Both instruments measure magnetic fields which may be generated from power lines, transformers, household wiring, computers, TV's, and other electric devices.
Measurements made by these devices should be considered as a general screening procedure designed to discover the possible presence of magnetic fields in and around the building or site. Such measurements are not exhaustive. Before making decisions involving any significant expense we recommend that additional instrumentation and expertise be considered.
The Walker™ digital meter provides a direct readout of field strengths in gauss or milligauss. The Safeco™ analog meter permits visual observation of field orientation and strength, but requires mathematical computations to develop a final field strength number.
Our staff are not experts in electromagnetic fields.
As the first and currently the only home inspection professional firm to offer this service in our area we have relied on the quality of instrumentation, information and consulting provided by the manufacturer, and field experience at a range of buildings and environments.Specific ELF measurement tools (power lines, electrical wiring, appliances) are described and their sources listed at Electromagnetic Field EMF Measurement Instruments. Specific RF measurement tools (radio, TV, cell tower, microwaves) are described and their sources listed at Radio Frequency RF Detection Meters.
Quite a few electromagnetic field strength metering devices are available to the public, and they're not costly. A typical price for a decent EMF measuring device is less than $200. with some instruments selling at twice that price.
Because some people offering to perform EMF measurement services are not careful about procedure, do not offer sound scientific advice, and may not themselves understand how to examine a property effectively, some consumers may be better off buying their own EMF meter or gaussmeter and using the procedures we describe here. See Definitions of Gauss vs Milligauss for details about gauss and milligauss and definitions of these terms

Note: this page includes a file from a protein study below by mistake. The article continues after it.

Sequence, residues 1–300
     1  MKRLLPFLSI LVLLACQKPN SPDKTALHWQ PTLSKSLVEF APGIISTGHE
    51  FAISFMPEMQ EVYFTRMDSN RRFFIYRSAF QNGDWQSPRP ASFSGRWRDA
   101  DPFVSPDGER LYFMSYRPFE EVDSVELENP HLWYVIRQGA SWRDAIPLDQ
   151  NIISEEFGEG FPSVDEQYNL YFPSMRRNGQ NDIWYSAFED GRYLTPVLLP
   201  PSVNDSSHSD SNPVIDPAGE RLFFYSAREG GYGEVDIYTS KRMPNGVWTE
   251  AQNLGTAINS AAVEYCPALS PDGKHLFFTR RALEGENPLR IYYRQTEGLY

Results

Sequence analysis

Please do not contact us with a request buy EMF or RF measuring equipment. We do not sell anything. To do so would be a conflict of interest for this website. These devices are readily available from many electrical equipment and home inspection equipment suppliers.
Our standard measurement procedure includes confirming normal instrument operation by measuring a known common field source - the electric meter at each property as well as at a baseline meter. We measure at 1' and 2' distances from the electric meter, typically finding a field strength between 2 and 7 milligauss in those areas.
Calibration of EMF Measurement Instruments With Electric Power Company Instruments for Measuring Electromagnetic Field Strength
we have compared our test measurements of specific sites with those obtained by local electric utility company representatives and have found our measurements and theirs to be in close agreement.
[Measurements made at the same electric meter at the same distances produced results within 7% of one another. Most power utility companies use equipment which is more sophisticated (and costly) than our own and their personnel may have additional training. See AHS Report #I9189105]
Instead of contacting us with a request to perform EMF Electromagnetic or RF Radio Frequency Field Strength measurements, in most cases it is more economical and convenient for a property owner to purchase their own instrument, making measurements under varying conditions. In this series of articles we describe how to make measurements using a consistent approach and using good documentation. See Recommended EMF Measurement Procedure for details of how to collect EMF measurement data.
Following good procedure and using instruments properly are two steps towards making accurate, repeatable EMF measurements. But because the signal transmission for RF sources such as radio, TV, or cell towers, the load on a power transmission line is not under control of an individual property owner, and because the EMF strength varies as the power transmission line load varies, it is important to have an idea of that condition as well when attempting to characterize EMF exposure at a specific location. In contrast, EMF measurements are quite accurate and repeatable at other EMF sources such as close to electrical appliances and service entry cables.
Please do not contact us with a request buy EMF or RF measuring equipment. We do not sell anything. To do so would be a conflict of interest for this website. These devices are readily available from many electrical equipment and home inspection equipment suppliers. See Evaluation of Low-Cost EMF Instruments This article describes several low-cost and reasonably accurate EMF measurement devices that are readily available. See Radio Frequency RF Detection Meters This article describes several low-cost and accurate radio frequency or RF detection and measurement devices suitable for radio, TV, cellphone, microwave, and similar signals.